offshore bonds can offer investors a flexible planning tool that would work in tandem with a conventional pension strategy
In the UK, the weekend papers are currently full of comment on the pensions 'crisis'.
Newly-appointed pensions minister David Blunkett has been coaxed back into power to solve the insoluble - to cut the Gordian Knot of pensions complexity. While he considers the options, those 'stuck' in the system continue to suffer financially and emotionally.
Can't we see the wood for the trees? What is the purpose of a pension? Is it not to provide an income in retirement?
This desirable objective can be achieved in a variety of ways. The traditional route to retirement income is through tax-relieved contributions to a tax-favoured fund with a taxable annuity at a pre-selected retirement date.
There have been variations to this basic model - mainly aimed at introducing a modicum of adaptability to individual needs. Draw-down, phased retirement and variable retirement dates have all done their bit to loosen the straight-jacket and give some flexibility, albeit at the cost of increased complexity.
The basic structure remains as before - relatively generous contribution limits but restricted post-retirement access, front-end tax relief, back-end tax charge. Will A-Day change this?
In the words of Paul Daniels, " You'll like this - but not a lot".
For many 'internationally mobile' individuals and for those adversely affected by the latest in a seemingly never-ending series of pension reforms, a more radical approach to retirement planning is required. A conventional pension will still form part of any strategy but other retirement planning techniques will have to be used to meet the needs of clients.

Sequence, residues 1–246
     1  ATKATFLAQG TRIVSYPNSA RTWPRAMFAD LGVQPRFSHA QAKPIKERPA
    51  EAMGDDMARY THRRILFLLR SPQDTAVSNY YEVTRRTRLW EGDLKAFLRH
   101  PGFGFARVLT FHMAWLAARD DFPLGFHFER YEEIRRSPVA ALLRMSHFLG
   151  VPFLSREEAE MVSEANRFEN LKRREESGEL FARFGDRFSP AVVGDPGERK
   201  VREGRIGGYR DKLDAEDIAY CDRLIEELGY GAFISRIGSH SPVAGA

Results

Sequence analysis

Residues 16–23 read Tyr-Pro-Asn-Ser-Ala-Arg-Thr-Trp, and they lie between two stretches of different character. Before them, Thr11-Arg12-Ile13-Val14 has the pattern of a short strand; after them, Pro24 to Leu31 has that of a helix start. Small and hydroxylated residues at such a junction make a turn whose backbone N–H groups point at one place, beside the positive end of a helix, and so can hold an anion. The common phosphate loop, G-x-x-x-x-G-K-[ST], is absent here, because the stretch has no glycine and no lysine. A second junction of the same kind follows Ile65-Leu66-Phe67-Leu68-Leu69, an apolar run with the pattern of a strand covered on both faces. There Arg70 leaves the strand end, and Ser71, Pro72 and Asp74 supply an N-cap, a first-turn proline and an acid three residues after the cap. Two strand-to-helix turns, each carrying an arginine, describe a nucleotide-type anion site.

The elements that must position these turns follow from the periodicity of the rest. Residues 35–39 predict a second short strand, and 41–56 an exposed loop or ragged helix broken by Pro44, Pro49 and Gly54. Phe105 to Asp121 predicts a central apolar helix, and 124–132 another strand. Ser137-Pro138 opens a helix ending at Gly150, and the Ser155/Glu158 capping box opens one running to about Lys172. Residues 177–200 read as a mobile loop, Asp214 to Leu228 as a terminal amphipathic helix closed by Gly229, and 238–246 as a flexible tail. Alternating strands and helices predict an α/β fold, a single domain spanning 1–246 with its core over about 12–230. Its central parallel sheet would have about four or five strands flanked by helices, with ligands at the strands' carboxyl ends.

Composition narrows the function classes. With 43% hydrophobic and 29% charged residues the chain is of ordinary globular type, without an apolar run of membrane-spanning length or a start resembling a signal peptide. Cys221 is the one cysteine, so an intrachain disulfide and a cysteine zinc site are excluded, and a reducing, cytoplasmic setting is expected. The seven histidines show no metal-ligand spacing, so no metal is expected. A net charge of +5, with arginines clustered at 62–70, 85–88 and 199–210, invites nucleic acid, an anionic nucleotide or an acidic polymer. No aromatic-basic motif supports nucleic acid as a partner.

An offshore bond must come into the reckoning as a retirement planning tool. It will not be a panacea but must be considered by the planner.
Why? An offshore bond offers what a pension lacks - flexibility. The price to pay is the loss of tax relief at inception. The attraction is a fund taxed identically to a UK approved pension and exit flexibility.
The owner can draw from the bond as and when required; the amount drawn can vary in quantity and timing and, with some planning, the sums drawn can be free of an immediate tax charge through thoughtful use of the 5% rule. No taxed annuity here.
What happens on death? The residual fund passes to the next generation and, with some careful planning, this inter-generational transfer can be accomplished without an inheritance tax charge.
For the increasing number of UK residents who wish to retire overseas, an offshore bond can, in some circumstances, offer complete tax freedom. The prospective emigrant must of course check the tax position in their new country of residence and remember that the UK tax code applies only to the UK - an obvious point, perhaps, but one that is often overlooked.
Pensions have their place, indeed a pre-eminent place, in financial planning. But we must also be constantly aware of their limitations.
The goal of retirement planning is to meet financial needs in later life. That goal can be scored with the assistance of a variety of financial products. With this in mind, an offshore bond must at least be considered as part of a retirement strategy.
Two global vehicles
'Further plug advice gap'
Must appoint separate CEOs and boards
Advisers do come out well
Will report to Mark Till